DEAR HARRIETTE: Happenstance or convenience or whatever has caused me to spend a lot of time with a co-worker who gets on my nerves. She constantly talks about people from the moment she gets to work until she leaves in the evening. She and I are the only single people at our job, so we gravitated to each other due to our situation. We started going to happy hour sometimes, and even working out on occasion. Now I realize I can't take her endless negativity. How can I peel myself away from her without causing a rift at work? I don't want to end up being one of the people she starts talking about. -- Running for Cover, Monticello, New York
DEAR RUNNING FOR COVER: Friendships that begin based on convenience often become fraught with challenges over time, because they are cultivated for less-than-optimal reasons. That said, you do not have to commit to hanging out with this woman for the rest of your tenure at your company. You need to wean her off of your constant interactions with care and strategy.
Think about how you would prefer to spend your time. What hobbies might you want to take up after work? Join a class but simply tell her you are busy. Don't talk about the class, because she may want to join it too. Do extra work on some days so you become unavailable to eat together. Be proactive and get to know other members of your team. Just because they aren't single doesn't mean you have nothing in common. Spend time cultivating bonds with your boss and other co-workers. You can tell her that you want to get to know the whole team so that when she sees you doing it, your behavior won't come as a surprise.
DEAR HARRIETTE: I am getting so tired of politics. My husband keeps some news channel on at every waking moment, and I have had it. I don't want to hear the crazy stuff coming from the White House or from the range of pundits that my husband is obsessed with watching. I have had enough. It isn't that I don't feel love or responsibility for my country. But I don't see anything changing, just people yelling at each other. We have two kids, and I don't want them to think that our country is made up of arguments with people getting nothing done. How can I limit the onslaught of news and protect my family? -- Turn it Off, Dallas
DEAR TURN IT OFF: Talk to your husband about the importance of creating safe space at home -- meaning safe from the woes of the world, both political and violent. Ask him to agree to turn off the TV during particular hours and in specific common rooms so the children's exposure is limited.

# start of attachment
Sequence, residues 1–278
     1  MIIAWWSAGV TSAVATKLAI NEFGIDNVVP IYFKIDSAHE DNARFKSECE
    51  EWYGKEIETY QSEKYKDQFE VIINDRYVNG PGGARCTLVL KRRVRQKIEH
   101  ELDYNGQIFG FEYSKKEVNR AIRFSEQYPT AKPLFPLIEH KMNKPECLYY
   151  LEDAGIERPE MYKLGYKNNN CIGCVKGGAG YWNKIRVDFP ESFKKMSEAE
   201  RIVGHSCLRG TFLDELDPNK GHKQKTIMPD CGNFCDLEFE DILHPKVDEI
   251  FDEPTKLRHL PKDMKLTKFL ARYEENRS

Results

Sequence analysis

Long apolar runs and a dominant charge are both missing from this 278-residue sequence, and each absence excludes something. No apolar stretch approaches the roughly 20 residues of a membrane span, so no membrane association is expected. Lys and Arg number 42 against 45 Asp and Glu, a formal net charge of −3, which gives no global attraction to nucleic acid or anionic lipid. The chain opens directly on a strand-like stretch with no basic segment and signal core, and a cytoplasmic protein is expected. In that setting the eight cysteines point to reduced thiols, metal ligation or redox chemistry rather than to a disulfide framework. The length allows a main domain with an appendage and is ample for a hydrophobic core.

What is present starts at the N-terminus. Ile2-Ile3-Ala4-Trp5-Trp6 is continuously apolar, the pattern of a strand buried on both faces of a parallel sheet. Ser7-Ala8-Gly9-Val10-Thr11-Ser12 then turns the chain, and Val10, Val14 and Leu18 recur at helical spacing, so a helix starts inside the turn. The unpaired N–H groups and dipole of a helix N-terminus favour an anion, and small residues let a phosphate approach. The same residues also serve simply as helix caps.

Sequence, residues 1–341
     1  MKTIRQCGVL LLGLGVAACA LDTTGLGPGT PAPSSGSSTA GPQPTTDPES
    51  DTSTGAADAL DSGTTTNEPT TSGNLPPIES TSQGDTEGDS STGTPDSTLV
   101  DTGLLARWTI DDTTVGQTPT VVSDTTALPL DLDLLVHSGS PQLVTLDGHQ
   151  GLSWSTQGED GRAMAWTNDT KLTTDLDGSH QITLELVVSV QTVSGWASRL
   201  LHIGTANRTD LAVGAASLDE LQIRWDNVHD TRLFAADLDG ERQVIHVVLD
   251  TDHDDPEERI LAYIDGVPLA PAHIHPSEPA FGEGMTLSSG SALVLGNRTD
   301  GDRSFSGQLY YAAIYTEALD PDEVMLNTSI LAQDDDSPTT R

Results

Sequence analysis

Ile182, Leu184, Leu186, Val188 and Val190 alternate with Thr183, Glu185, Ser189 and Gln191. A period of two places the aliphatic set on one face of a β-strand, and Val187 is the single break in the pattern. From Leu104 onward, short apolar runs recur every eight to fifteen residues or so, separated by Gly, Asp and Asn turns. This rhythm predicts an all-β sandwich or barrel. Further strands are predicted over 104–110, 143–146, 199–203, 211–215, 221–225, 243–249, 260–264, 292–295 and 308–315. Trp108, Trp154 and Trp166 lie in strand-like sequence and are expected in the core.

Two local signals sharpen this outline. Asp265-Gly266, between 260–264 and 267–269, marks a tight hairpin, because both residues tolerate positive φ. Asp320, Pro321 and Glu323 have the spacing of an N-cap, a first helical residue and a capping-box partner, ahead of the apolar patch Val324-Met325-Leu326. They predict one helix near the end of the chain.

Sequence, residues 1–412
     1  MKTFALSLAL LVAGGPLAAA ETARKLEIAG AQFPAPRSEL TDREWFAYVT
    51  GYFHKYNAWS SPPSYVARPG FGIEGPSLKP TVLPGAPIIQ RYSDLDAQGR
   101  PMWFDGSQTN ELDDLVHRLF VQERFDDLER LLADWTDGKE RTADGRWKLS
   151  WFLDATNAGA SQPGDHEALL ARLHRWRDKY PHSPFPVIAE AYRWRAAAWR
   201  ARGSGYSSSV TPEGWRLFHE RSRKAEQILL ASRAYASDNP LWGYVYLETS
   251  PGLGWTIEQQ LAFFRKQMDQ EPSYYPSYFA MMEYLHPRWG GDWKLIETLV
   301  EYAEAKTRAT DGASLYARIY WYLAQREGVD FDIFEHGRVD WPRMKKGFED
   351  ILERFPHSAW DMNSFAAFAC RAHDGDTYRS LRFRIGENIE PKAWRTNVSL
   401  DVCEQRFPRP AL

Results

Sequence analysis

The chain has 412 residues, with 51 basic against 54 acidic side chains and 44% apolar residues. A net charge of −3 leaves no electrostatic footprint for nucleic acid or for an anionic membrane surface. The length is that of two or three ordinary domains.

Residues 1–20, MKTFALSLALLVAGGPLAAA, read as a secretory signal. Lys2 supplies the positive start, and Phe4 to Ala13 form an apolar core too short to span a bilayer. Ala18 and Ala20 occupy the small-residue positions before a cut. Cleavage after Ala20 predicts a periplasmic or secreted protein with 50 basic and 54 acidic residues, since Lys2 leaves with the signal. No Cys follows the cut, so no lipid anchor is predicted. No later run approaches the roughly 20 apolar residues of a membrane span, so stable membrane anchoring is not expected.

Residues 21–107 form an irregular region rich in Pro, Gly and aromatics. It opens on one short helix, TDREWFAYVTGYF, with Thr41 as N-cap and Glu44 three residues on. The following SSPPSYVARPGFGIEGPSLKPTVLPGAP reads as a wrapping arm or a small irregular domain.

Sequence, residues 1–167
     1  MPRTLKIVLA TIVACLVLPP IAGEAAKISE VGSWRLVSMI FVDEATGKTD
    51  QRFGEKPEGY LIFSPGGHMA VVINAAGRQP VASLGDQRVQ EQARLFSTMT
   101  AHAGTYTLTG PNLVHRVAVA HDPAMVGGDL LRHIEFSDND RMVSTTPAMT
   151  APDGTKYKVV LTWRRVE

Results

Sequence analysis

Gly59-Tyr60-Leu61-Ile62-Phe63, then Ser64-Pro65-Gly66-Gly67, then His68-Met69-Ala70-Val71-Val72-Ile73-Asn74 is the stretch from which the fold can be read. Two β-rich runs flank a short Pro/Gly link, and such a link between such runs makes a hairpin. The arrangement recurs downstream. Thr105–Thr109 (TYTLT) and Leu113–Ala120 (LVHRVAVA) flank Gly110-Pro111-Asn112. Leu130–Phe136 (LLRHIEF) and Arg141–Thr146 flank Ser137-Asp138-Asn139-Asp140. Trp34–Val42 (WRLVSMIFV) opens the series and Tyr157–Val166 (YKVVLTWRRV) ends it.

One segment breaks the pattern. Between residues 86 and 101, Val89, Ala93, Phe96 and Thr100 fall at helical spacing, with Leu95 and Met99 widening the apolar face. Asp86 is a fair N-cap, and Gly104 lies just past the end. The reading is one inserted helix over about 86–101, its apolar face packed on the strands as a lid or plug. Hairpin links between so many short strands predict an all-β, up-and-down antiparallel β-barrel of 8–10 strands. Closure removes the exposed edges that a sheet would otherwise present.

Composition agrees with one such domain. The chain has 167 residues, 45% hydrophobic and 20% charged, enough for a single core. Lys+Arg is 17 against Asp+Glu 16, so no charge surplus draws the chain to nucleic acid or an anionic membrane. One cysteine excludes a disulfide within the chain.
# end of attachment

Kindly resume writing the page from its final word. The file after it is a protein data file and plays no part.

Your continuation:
On key occasions, talk to your children about current events so they are aware of the political landscape. Help them form their own opinions about particular political topics appropriate to their ages. Help your children understand the mechanics of the political process as well. They can have a voice, if they choose, but your home doesn't have to be ground zero for every pundit to state his or her case.
DEAR HARRIETTE: I feel so bad. Somehow moths got into my family's winter clothes when they were stored away. We have just pulled out our sweaters and almost all of them have moth holes in them. I feel terrible that my children have to wear sweaters with holes, but I cannot afford to replace them. I am afraid my children are going to be ridiculed from wearing holey sweaters, but I don't know what to do. How can I suggest that they spin this situation so it doesn't seem so bad? -- Full of Holes, Boston
DEAR FULL OF HOLES: Sadly, many families are opening their winter clothes along with you to discover that moths have invaded. The first thing you should do is invest in mothballs. Even though some damage has already been done, you need to exterminate the moths that are in your home to prevent further damage in the coming days and weeks.
For the damaged clothing, you may be able to sew some of the holes. Invest in colored thread and carefully sew or darn -- if you know how to do that -- as many of the holes as possible. Some clothing may fare better with patches. Get creative.
To prevent moths from taking over your valuables in the future, be sure to keep all of your clothing clean, especially wool and cashmere items. Handwash immediately after you soil such clothing items, and keep them stored in airtight containers.
DEAR HARRIETTE: One of my best friends just confided in me that she and her husband are getting divorced. I am shocked. They seemed to be a solid couple. They have been married for years, and their youngest child has just left for college. I've heard about the empty nest syndrome, where couples sometimes break up when the kids are gone. I didn't think this would happen to them. I'm not quite sure what to do. We are friends with both the husband and the wife. How do I support my friend and deal with the grief I am feeling over what's to come? -- In the Middle, Fairfax, Virginia